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Raising Steam

Raising Steam - Terry Pratchett I'm not hugely familiar with Terry Pratchett and Discworld as other fans are, but my real introduction to the series -- Going Postal -- was a great read with engaging characters and a fascinating look at how stamps came to be. Sure, it was a fictional fantasy story, but it felt like Pratchett did his research to get an accurate look at how folks adopted the system of stamps. Its sequel, Making Money, featured the same characters, but focused on developing a money system and mint, and now Raising Steam is the latest "Industrial Discworld" novel, featuring Moist von Lipwig and the rise of the train empire. Unfortunately, it falls flat, in a number of ways.

Part of what made Going Postal so good was the idea that Moist, our hero, created the idea of using stamps pretty much on his own. In Making Money, Moist steps in to revive a failing industry, so the story is less about how he develops a system and more about how he refines and redefines it. Raising Steam really isn't about Moist at all, since most of the developments -- the steam engine, the rail lines, the infrastructure, and the like -- all take place outside of him. He's just there to smooth things along, and as interesting as Dick Simnel, the straightforward inventor of the steam engine, is, he's not really enough to carry the story. As much as the story jumps around, he can't.

The story does jump around a lot, from one city to the next, from one character to the next, enough so that it's hard to get a handle on exactly where the story is going. Pratchett touches on the major strokes of what rail development was -- the building of the engines, the building of the lines, the stations, the stopovers, and all the major infrastructure that such a thing requires -- so it was similar to the previous books in that respect, but the sprawling nature of developing a rail system is too much for one book. Time flies past in the story, so that instead of seeing the entire story play out over a matter of months, instead we're looking at a span of years. In fact, the story opens with the invention of the steam engine, so we don't even get to see a lot of the trial and error that went into creating the engines themselves. It just happens, and the story begins.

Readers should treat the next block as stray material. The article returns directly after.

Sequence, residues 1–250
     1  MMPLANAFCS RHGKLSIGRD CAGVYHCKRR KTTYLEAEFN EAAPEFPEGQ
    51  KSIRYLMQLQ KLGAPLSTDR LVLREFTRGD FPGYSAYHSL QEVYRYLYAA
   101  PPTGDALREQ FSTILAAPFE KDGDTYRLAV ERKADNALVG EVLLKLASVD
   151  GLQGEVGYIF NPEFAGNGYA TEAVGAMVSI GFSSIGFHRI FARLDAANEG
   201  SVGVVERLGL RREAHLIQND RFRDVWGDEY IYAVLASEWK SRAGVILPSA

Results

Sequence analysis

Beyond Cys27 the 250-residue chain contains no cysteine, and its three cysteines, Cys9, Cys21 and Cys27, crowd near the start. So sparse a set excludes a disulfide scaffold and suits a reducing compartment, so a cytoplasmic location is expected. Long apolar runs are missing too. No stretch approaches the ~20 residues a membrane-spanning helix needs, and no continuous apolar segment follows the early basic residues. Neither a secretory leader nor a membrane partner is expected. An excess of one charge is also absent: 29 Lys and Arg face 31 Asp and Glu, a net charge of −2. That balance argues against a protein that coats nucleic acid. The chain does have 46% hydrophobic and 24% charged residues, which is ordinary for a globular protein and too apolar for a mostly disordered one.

I'm not familiar enough with Pratchett's style to know if this deviation is typical or not, but based on the other two books in this side series, Raising Steam doesn't compare. It feels tedious and plodding, and boring in many places. It's not even as readable as I remember his other books being (there were lots of phrasing and punctuation choices that stopped me cold during parts of the narrative because I couldn't figure out what he was saying), so I can't even recommend it for that reason. Aside from the melting-pot subplot that involves the dwarfs, trolls, and goblins being accepted by society and each other, it's just not very interesting.

Die-hard Pratchett fans will certainly read this (and probably disagree with everything I've written here), but for casual readers of his fiction, I wouldn't recommend this book. Instead, go back and re-read Going Postal. It has the charm and interest level that I expected this book to have.